What do you mean I’ll be thrown off a mountain if I come to the Olympics?
If a woman was married, she was banned from attending the ancient Olympics by law. If a woman was caught in the Olympic stadium, the city decreed that she should be thrown into the river from Mount Typaion. A little harsh for someone who just wanted to watch some sport, however, there isn’t any record that this law was ever enacted. In fact, there are stories of women who ‘invaded’ the Olympics and lived to tell the tale!
A noblewoman, Kallipateira, wanted to watch her son fight in an Olympic boxing match. She disguised herself as a trainer and snuck in to witness her son win the match. Overcome with pride, she rushed out to congratulate her son during the awards ceremony - a little out of character for the usual trainer. Her identity was revealed, but she escaped the mountain toss due to her important status. However, her actions meant that from then on, all trainers had to enter the stadium naked to prove their sex.
If you were a woman and wanted to find a husband, however, (or even just a lover), you were in luck. Maidens and prostitutes were allowed to attend to facilitate all kinds of matchmaking. The Priestesses of Demeter (sister of Zeus, mother of Persephone, Goddess of agriculture) were also permitted and held places of honour, both due to their position as Priestesses and due to the fact, Demeter’s temple was located right in the middle of the stadium seating.
So we have to enter naked… now what? Enter Kyniska and her horses.
King Archidamus II of Sparta had a daughter. Upon his death, the laws of Sparta meant Kyniska would inherit part of his wealth and horses. Kyniska wanted to enter the ‘tethrippon’, the prestigious 4-horse chariot race at the ancient Olympics. She bred her horses to perfection and decided to enter the race, employing a man to race her chariot as she couldn't enter the stadium. The creators of the event, deciding not to remember a woman could inherit property in some city states, missed a loophole when making the rules. The loophole meant that the winners of the event were the owner and master of the horses that raced. The racers were usually slaves, so they weren't allowed to win and the horses were...horses. Most women didn’t have the means to breed and care for horses, so the issue of gender had never been an issue before. This loophole had issues for a number of other reasons - in 416 BC, the Athenian general Alcibiades had seven chariots in the race, and came in first, second, and fourth. But this wasn’t an issue for the ancient Greeks, so Kyniska took advantage.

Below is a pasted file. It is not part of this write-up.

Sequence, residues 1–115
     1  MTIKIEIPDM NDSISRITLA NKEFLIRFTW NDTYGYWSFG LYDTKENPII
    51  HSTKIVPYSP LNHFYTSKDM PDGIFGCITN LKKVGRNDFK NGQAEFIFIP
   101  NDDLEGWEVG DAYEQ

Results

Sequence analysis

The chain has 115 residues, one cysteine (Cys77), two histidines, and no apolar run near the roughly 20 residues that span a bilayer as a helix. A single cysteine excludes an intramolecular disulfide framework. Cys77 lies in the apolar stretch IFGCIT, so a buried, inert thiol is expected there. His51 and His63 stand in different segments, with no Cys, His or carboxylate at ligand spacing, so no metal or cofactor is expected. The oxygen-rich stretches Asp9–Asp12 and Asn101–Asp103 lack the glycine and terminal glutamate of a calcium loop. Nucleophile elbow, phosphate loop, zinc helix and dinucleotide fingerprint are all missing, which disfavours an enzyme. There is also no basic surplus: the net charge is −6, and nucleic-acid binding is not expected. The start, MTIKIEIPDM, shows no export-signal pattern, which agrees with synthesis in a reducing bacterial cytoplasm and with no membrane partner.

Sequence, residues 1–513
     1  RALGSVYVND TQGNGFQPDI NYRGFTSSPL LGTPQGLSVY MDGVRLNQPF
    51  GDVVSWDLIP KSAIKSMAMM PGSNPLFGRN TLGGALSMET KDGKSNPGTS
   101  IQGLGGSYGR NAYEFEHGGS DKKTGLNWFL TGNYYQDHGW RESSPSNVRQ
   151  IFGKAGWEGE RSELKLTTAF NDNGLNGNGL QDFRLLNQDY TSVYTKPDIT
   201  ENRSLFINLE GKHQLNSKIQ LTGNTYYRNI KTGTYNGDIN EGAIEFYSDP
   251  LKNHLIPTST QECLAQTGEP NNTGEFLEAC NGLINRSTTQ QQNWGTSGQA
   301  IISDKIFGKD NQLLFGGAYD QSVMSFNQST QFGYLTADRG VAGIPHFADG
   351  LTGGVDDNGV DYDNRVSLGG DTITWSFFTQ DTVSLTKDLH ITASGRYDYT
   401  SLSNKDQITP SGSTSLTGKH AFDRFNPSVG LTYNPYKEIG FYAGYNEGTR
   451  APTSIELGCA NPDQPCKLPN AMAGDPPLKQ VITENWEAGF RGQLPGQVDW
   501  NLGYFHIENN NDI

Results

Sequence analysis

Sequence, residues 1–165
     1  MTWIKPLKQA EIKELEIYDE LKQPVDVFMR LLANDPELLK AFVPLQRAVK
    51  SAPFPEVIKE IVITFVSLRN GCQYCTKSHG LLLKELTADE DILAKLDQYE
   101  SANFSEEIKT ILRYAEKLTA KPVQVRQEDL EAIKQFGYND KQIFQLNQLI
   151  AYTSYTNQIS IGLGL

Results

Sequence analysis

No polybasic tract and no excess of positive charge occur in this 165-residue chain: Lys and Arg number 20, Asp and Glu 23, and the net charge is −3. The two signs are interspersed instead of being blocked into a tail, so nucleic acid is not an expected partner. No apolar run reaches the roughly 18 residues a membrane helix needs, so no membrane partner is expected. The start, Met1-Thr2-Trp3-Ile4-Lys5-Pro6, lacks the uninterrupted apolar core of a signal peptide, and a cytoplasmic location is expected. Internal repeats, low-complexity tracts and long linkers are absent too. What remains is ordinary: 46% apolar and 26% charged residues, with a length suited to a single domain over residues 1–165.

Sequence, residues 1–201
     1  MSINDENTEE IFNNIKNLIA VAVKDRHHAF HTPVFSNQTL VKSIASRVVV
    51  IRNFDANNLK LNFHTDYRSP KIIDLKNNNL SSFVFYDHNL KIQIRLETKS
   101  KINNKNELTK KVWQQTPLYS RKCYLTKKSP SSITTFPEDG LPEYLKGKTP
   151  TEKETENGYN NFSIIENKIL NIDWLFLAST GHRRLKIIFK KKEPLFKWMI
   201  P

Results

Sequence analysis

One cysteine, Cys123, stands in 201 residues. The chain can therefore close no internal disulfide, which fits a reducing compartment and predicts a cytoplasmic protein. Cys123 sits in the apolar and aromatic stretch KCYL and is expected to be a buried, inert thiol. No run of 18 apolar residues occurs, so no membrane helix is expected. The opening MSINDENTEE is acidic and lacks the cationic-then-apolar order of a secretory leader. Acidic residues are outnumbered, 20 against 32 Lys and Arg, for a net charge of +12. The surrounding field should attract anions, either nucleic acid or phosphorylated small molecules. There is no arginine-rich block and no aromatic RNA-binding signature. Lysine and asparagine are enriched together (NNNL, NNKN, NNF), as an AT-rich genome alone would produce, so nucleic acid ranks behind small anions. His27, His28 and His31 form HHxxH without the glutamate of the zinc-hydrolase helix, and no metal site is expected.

Kyniska and her team raced her horses in the tethrippon in 396 BC. She won. Upon finding out she was the owner (and therefore the winner of the race) everyone was shocked, however, they couldn’t deny that she had won based on the rules they had put into place. This made Kyniska the first woman to win an Olympic event. At the next Olympics four years later, she raced her horses. They won again.
Kyniska was denied entry into the stadium for the winner's ceremony and to collect her prize of a crown of olive leaves. She was however permitted to place her statue in Zeus’s sanctuary, an honour bestowed upon winners of the tethrippon. Her inscription read;